How to say it
While it is important to know what to communicate, how you say it will make all the difference. Design your communication for your target audience. Knowing your boss, your employees and other stakeholders makes it easier to design communication that will appeal to them.
Clearly reeling off sets of sales figures to a customer is not the best way of impressing him, just like talking about your latest ski holiday won’t necessarily endear you to your subordinates. Talk strategy, specifics, and areas of corporate and individual interest with the boss, and growth and expansion prospects with subordinates.
Communicate your engagement with the organization, the fact that you are willing to go the extra mile, that you are happy to take on extra responsibility and that you will be successful with that responsibility.
Where to say it
In one word—everywhere.
“One is always communicating—at internal and client meetings, sales reviews, branch visits, email responses, quarterly and annual business letters, dinner out with the teams and even walkabouts at office,” says Uday Sareen, country head, retail banking, ING Vysya Bank. So use the following forums:
At work: Through one-on-one meetings. Ask for extra review meetings with the boss, the office manager, the HR head, says Ashwani Singla, CEO, Genesis, a PR firm. With the boss you should discuss not only feedback on your performance and areas to be beefed up, but also make informed suggestions about the larger business. Again, with the office or branch head, besides seeking feedback, you should volunteer for larger projects or even a move out (thereby demonstrating flexibility and a willingness to learn)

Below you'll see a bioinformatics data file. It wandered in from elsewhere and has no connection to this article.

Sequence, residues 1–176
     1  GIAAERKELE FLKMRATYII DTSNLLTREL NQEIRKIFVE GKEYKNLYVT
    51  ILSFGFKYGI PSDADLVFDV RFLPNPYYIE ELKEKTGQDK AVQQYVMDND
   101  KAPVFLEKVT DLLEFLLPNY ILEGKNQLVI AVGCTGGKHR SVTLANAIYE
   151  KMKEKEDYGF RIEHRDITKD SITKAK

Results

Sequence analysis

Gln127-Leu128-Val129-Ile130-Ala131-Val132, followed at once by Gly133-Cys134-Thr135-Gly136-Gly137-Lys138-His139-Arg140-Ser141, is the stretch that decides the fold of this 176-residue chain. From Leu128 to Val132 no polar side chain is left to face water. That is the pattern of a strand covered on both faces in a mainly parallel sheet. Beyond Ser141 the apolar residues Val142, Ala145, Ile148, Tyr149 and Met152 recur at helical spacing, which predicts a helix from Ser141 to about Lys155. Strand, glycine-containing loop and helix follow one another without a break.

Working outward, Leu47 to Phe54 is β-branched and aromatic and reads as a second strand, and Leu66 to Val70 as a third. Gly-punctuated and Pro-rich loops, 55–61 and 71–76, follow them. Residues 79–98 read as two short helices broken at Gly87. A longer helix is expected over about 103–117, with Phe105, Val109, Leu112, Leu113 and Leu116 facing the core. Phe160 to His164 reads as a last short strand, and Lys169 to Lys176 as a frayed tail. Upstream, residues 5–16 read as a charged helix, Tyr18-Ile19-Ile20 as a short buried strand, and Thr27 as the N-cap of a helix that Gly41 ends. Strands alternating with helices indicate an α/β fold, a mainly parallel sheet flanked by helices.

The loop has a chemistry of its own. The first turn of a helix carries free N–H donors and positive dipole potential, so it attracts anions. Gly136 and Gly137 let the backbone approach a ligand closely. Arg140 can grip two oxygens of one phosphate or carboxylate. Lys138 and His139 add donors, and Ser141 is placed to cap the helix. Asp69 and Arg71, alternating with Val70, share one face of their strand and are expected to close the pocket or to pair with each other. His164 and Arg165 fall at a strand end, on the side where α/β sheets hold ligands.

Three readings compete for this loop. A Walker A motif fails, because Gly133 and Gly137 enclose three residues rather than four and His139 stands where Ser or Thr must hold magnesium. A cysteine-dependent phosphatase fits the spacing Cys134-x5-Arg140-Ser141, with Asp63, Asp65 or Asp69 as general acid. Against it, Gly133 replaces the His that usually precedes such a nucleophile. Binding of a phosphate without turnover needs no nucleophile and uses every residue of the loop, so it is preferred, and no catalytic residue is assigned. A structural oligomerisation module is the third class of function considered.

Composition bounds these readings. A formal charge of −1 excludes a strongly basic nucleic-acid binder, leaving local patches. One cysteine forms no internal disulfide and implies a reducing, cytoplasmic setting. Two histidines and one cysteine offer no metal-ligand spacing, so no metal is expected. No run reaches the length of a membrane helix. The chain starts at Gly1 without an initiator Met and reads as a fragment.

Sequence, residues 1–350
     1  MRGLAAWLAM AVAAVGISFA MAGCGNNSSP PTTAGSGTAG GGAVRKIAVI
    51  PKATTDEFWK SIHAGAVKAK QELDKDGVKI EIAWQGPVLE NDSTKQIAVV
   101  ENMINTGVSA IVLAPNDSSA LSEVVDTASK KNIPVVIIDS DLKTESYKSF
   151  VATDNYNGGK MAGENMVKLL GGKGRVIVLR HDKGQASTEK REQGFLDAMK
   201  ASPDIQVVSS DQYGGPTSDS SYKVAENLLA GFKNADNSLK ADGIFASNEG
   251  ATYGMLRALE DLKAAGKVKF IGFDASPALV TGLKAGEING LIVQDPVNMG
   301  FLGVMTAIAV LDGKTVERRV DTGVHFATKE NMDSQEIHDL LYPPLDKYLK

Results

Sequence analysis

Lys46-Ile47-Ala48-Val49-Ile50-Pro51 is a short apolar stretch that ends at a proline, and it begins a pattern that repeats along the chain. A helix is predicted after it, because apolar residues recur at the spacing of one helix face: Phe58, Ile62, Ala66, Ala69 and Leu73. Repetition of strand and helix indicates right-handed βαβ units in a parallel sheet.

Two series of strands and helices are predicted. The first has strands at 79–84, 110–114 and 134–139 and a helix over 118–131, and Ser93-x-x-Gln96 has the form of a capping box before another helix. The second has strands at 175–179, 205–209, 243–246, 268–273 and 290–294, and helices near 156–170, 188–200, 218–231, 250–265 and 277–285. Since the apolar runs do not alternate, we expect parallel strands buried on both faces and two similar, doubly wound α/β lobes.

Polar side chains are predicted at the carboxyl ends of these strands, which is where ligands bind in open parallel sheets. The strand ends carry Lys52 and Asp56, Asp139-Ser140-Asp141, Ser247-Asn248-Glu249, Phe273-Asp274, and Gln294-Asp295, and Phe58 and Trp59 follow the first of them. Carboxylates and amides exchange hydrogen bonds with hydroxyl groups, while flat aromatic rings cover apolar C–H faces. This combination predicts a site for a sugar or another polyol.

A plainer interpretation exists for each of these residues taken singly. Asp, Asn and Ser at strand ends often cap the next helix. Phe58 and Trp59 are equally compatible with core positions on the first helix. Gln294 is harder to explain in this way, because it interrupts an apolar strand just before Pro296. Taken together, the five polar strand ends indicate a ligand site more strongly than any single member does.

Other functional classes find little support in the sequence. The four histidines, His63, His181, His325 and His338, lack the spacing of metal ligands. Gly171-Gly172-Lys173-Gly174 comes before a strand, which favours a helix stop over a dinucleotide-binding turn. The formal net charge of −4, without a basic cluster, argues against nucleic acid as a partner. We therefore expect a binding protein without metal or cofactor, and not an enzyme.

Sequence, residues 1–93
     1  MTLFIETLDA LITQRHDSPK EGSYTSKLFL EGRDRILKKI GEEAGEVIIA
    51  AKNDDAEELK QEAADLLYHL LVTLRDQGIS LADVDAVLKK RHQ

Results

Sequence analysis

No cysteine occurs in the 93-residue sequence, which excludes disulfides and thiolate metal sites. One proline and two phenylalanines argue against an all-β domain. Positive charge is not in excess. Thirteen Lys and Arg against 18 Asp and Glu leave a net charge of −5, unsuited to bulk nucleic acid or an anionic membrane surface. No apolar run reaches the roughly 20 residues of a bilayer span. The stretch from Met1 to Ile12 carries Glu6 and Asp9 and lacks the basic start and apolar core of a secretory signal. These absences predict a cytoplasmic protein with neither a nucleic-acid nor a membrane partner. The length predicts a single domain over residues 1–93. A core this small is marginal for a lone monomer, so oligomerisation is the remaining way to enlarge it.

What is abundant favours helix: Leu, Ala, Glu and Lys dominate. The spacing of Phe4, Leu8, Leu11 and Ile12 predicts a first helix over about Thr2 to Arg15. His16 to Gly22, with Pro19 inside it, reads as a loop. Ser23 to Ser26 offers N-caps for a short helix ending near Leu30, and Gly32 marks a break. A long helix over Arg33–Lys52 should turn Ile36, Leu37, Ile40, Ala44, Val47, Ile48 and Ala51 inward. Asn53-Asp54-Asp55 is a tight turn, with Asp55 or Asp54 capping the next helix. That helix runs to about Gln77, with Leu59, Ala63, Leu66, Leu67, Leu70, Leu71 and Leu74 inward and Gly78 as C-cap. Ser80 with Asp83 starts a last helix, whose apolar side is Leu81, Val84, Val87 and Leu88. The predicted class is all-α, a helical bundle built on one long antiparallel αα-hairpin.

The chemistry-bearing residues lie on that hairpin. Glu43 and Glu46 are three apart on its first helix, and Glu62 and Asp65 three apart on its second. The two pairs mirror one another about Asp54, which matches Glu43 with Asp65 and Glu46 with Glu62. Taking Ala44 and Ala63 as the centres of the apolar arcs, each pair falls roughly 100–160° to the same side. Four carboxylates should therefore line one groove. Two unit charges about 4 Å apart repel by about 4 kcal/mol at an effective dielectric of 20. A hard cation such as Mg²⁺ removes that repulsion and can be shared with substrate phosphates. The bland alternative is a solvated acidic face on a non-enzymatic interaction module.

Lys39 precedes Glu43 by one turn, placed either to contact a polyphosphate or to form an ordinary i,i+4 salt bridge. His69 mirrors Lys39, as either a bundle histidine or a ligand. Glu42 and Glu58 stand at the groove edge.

At larger meetings: Design your contribution to be pithy and to the point. Prepare extensively on the agenda so as to be able to add meaningfully to the discussion. Be open to taking up stuff, such as writing the minutes, that no one else may volunteer for. If you are okay with taking up additional responsibilities, it’s good if others in the organization can see that too.
Informal forums: Use dead time—such as travel to offsites, the coffee before a client meeting—to exchange ideas and project your thoughts with your boss. Passing on expertise and relevant information always helps. Stray remarks at the water cooler, perhaps on competitor intelligence or other market data, can sometimes achieve more in creating an impression of you as a person who works hard and knows the market, than writing out a six-page competitor analysis. Interestingly enough, information exchanges at informal forums can be hugely powerful. Says Sareen: “One is likely to get a better sense of team morale and real issues over, say, an informal breakfast with new joinees or an impromptu session of chai-samosas late in the day at the operations shop-floor, rather than through any sort of formal communication exercise.”